Faculty & Staff

Back to News & Events

Living With Systemic Juvenile Arthritis: Mom And Son Share Personal Journey Through Video And Blogging

Rochelle Lentini, M Ed, Director of the Program-Wide Positive Behavior Support Project within the Florida Center for Inclusive Communities is very proud of her son Parker, who recently posted a video to YouTube so others can gain a better understanding of what he and over 300,000 children in the U.S. must face each day as they battle juvenile rheumatoid arthritis (also known as juvenile idiopathic arthritis).  There are multiple forms of juvenile arthritis (JA) and they are very different than the arthritis that is familiar to many “grandparents”.  Parker has a form that affects about 10% of children with JA.

Parker has systemic on-set juvenile arthritis (formally known at Still’s Disease).  This painful autoimmune illness affects joints and internal organs. In addition to affecting all of Parker’s joints, this disease has attacked his heart, lungs, lymph nodes, muscles, and stomach.  All organs are at risk, including the eyes.  Some children with systemic JA also have other autoimmune complications.  Parker also has overlap syndrome consisting of myositis, raynauds, vasculitis, and psoriatic features. He also has severe allergies and asthma.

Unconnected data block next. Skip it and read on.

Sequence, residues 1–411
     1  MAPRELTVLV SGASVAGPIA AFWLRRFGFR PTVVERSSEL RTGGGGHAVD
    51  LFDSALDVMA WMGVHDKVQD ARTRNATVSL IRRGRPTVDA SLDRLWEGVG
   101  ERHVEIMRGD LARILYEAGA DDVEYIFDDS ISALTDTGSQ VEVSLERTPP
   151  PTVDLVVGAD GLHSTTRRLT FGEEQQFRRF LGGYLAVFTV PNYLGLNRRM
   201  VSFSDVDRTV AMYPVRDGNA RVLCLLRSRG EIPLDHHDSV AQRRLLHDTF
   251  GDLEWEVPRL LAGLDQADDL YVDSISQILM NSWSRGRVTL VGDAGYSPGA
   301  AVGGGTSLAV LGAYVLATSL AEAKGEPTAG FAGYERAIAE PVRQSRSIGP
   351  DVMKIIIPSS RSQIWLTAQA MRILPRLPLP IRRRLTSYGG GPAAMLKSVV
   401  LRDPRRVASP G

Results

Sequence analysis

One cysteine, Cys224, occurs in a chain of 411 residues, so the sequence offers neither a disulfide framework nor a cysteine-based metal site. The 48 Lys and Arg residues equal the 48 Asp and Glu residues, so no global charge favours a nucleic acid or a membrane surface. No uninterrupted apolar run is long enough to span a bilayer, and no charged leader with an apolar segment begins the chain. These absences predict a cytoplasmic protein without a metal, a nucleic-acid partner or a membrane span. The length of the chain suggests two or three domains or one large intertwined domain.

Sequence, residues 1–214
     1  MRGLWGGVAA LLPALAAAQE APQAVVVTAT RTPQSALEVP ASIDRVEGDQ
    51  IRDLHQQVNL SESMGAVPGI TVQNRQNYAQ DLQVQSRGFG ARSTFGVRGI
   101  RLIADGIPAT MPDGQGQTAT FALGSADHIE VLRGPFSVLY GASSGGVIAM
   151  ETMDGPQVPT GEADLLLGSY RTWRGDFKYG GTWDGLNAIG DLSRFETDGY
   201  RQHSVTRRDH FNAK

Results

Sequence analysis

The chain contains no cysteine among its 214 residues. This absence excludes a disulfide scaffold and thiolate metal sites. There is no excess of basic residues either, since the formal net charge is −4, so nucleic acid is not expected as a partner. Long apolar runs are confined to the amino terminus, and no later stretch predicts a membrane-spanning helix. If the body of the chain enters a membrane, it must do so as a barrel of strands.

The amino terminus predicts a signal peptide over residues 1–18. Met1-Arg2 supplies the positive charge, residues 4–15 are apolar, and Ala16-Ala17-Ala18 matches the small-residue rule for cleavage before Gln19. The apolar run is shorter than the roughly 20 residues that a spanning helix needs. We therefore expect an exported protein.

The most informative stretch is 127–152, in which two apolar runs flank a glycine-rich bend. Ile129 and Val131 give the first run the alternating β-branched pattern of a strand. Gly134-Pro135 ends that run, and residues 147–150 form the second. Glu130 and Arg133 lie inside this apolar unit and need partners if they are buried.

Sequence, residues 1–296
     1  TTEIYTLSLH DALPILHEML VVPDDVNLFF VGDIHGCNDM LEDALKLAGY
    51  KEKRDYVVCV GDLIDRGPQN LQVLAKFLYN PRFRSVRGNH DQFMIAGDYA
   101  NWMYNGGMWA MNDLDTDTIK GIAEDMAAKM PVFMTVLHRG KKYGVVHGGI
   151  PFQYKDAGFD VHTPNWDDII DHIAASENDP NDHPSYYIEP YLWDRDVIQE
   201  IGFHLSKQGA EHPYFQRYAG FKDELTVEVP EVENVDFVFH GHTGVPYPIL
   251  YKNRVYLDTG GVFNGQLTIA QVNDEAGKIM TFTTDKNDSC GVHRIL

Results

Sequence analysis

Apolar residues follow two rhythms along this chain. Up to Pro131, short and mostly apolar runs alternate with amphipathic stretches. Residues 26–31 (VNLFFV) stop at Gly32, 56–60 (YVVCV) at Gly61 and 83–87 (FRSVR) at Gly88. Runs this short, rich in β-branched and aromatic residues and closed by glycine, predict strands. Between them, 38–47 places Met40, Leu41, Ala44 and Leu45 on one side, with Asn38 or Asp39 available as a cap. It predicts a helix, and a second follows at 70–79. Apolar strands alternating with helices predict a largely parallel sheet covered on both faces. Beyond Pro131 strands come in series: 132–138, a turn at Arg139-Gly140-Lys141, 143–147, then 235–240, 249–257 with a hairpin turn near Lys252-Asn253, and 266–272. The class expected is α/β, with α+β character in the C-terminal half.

"Recently, Parker decided that there needs to be a "national campaign" about autoimmune arthritis because so few understand it, and he made a video all on his own," said his mom Rochelle. "He very much wants it to go viral, and I decided I should share this with my colleagues because I didn't know about this either until Parker was diagnosed."

The family also maintains a blog with reflections on activities and links to useful resources.

Please click on the YouTube link to hear Parker talk about what this disease is like and please share with others!

Great job Parker!

Share this page